Cameron Wayne Johnson’s review published on Letterboxd:
Is it me, or do wilderpeople sound like something that Hitler would hunt? Taika Waititi brings us that film's spiritual successor with a boy and his imaginary friend, but contrary to what the title suggests, that imaginary friend sure ain't Harvey. It's the latter days of WWII, but 10-year-old Jojo Betzler remains as dedicated as ever to excelling in his studies at a weekend Hitler Youth camp. Toiling under bullies, the death of his sister and the disappearance of his father have naturally bred a passion for National Socialism, but he must be a lot more ignorant of the Third Reich than his modern-day counterparts if he's imagining Hitler as Māori-Jew (in whiteface, but you see Waititi's joke, no?). Jojo's fun-loving manifestation of Hitler seems to be his only pal, until he finds an unexpected connection with a Jewish girl his mother is hiding in the attic. Thomasin McKenzie is pretty much reprising her role from "Leave No Trace", with a disillusioning backstory that may yet drive Jojo to the empathy that his camp officials and beloved Führer denounce. Leave it to Waititi to make a coming-of-age this weird this heartwarming, though he is pushing things for more than just his fellow Jews.
The few who can recall a time when the "Thor" franchise could have serious moments will recognize Taika Waititi's new knack for total irreverence with sensitive concepts... not that "Thor" is as sensitive a subject as Nazi Germany. I casually evoke Waititi's last movie to tell you that this isn't just dodgily-accented English dialogue and bouncy production values, the soundtrack rocking a bit of power pop, while the characters exchange slang, phrasing and humor that are even more anachronistic. This self-awaredly makes such silly buffoons out of certain characters and sassy cynics out of other, whilst making such plucky gags out of Nazi culture, as to gleefully exaggerate a horrific tragedy that, to be frank, was ludicrous enough to be its own black farce. To be frankfurter-I mean frank further, Waititi's farce is not even black, but endlessly bright and quirky in frenetic pacing, experimental framing and whimsical production values behind all of this unsubtle silliness. And then there's another signature for the filmmaker: ponderous, unexpectedly gutsy dramatic breakdowns that evolve the characters in profound ways, and that seem to bust from out of nowhere. This ambition beyond any concern for tonal unevenness rounded out one of the most entertaining and beautifully realized movies of 2016, but this is so much more ambitious in theme, and so much stranger in premise, that it rounds out a divisive farce. If you can hang through, though, it too is entertaining and beautifully realized for what it is.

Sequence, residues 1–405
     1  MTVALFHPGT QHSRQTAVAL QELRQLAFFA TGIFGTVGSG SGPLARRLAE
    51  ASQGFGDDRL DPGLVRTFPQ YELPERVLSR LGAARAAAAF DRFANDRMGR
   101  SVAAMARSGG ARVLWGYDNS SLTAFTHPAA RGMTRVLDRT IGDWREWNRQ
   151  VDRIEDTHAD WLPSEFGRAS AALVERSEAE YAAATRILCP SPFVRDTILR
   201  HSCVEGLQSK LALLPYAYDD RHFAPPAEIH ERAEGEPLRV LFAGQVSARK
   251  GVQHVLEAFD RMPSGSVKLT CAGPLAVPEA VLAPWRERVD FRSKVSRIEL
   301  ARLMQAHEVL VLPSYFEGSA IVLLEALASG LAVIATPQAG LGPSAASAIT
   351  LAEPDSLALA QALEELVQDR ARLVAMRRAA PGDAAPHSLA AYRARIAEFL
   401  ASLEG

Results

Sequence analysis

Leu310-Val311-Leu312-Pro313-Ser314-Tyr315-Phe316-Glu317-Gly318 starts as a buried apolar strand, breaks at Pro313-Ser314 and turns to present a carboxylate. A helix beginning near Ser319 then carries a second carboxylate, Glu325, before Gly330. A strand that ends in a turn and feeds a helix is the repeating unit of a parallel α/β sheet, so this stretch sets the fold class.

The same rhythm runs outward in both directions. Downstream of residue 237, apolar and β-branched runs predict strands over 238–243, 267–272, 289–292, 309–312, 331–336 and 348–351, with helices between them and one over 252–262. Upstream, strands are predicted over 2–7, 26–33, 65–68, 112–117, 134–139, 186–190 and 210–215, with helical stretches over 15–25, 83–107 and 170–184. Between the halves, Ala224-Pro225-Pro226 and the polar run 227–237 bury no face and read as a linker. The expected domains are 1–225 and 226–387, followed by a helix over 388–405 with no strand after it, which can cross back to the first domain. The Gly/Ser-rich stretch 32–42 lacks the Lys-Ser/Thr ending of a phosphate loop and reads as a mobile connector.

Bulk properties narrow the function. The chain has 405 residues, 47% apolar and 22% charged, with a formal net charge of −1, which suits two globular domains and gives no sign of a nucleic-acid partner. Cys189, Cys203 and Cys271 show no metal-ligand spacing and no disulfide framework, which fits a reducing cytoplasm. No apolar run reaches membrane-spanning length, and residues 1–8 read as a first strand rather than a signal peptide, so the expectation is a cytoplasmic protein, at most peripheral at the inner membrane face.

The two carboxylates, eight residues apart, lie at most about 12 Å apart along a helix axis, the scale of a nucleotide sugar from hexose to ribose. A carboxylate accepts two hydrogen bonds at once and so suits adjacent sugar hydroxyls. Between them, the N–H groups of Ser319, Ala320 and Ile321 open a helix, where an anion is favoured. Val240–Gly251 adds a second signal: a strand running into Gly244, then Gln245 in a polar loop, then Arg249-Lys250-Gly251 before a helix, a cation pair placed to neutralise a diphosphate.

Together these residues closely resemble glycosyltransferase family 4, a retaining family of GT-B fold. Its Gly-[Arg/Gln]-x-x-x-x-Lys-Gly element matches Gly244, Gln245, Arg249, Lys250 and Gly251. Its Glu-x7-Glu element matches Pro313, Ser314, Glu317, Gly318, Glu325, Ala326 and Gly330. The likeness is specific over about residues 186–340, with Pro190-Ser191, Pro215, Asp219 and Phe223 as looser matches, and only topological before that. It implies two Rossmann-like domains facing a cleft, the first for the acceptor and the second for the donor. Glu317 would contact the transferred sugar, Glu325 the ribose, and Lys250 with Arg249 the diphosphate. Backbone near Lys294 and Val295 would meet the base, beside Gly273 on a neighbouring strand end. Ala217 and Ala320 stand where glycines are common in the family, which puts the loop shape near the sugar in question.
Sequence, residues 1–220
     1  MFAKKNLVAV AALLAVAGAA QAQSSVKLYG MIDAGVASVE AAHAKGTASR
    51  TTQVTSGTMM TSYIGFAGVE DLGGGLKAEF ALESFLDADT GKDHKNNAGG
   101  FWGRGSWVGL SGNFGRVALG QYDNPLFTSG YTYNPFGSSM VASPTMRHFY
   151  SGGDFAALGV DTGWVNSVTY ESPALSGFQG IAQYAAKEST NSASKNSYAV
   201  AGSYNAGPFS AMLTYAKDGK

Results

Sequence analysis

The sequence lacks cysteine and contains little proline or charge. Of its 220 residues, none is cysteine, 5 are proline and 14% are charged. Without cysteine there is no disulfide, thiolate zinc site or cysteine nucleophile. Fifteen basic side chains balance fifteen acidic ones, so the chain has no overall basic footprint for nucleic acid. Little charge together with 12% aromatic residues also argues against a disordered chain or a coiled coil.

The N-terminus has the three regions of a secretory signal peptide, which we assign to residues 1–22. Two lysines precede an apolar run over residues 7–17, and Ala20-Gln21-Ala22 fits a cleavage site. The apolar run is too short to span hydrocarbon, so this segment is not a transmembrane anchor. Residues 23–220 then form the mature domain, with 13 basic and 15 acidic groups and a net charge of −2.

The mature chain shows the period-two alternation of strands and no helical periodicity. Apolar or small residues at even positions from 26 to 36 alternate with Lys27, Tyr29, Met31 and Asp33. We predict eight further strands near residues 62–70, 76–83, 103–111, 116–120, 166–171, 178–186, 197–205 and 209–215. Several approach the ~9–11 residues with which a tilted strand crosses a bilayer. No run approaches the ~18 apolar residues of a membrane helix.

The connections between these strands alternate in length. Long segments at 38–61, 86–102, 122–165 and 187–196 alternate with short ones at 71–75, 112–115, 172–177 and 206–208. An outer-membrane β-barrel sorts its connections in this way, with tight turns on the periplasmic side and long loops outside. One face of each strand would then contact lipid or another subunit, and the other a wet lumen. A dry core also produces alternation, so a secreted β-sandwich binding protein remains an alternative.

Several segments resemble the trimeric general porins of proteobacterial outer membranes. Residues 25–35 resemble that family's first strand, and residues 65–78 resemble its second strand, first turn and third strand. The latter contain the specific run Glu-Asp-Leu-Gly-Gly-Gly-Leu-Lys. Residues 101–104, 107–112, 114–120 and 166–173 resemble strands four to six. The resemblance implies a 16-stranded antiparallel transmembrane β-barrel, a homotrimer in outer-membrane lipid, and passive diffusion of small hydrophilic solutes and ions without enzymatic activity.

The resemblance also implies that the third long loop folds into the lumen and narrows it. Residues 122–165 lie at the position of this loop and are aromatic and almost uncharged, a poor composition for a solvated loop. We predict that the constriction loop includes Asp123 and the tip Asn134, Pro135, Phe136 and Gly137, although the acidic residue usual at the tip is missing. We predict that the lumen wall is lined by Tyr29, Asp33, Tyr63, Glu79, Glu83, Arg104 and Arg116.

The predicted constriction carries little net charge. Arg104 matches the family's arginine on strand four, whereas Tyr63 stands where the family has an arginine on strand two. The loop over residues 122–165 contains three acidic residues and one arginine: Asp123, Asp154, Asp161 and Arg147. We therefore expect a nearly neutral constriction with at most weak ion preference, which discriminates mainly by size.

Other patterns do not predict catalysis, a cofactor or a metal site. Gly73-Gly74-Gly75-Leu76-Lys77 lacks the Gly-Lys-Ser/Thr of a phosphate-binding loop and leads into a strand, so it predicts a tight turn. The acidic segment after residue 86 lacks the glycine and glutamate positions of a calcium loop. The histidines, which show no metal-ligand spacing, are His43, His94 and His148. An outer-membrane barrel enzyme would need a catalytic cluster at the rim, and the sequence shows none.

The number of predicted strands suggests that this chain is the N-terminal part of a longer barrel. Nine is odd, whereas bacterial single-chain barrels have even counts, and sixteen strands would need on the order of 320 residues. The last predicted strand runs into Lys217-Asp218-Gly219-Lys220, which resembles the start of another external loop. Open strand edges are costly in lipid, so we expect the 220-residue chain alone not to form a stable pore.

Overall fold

Draped in brightly colored and dreamily arranged production values, and lusciously lensed by Mihai Mălaimare Jr., this takes glossy period production values to an extreme of whimsical world-building. Taika Waititi compliments this with Michael Giacchino's lovely score and relentlessly seamless pacing and framing, for the sake of the most full-hearted coming-of-age. To be sure, this giddy surrealism is cast against the Third fucking Reich, that it may also play up the insanity of a world corrupted by narcissism, hatred and regression as if it were a manic fantasy, in some ironic testament to how that can somehow become a way of life. It's a twisted tale on the banality of evil to remind us that it can (and may) sneak up on us, though if you're not comfortable laughing at those nutty Nazis, there are plenty of kicks with the weird personalities and snappy patter of memorable supporting roles and performances. Waititi himself stands out with a hysterically bombastic and sharp-witted take on a friendly Führer fantasy, while Scarlett Johansson and Thomasin McKenzie bring more grounded charisma and poignancy to the drama, but young Roman Griffin Davis owns the strangely complex lead. Davis' convicted comedic chops, initially meek vulnerability, and devastated crawl to a disillusioned manhood gracefully walk in line with a genuinely rich coming-of-age drama that is paved with layered character developments and interactions, and culminated in uncompromising tragedy and triumph. This isn't as realized in tonal extremes and minglings as something like "Hunt for the Wilderpeople", but it remains a uniquely hilarious and haunting highlight for an upcoming auteur.
Gleefully irreverent in casual anachronism, eccentric overstylization and silly humor that either cheapen or force lofty satire, as it all undermines a promising coming-of-age melodrama, Taika Waititi oversteps quirks when he isn't making thrilling enough use of them in whimsically dynamic direction, riotous and sobering satire and character development, and richly drawn acting and dramatic turns to make "Jojo Rabbit" a disarmingly entertaining and movingly frank twist on Germany's darkest days.
3.5/5 - Good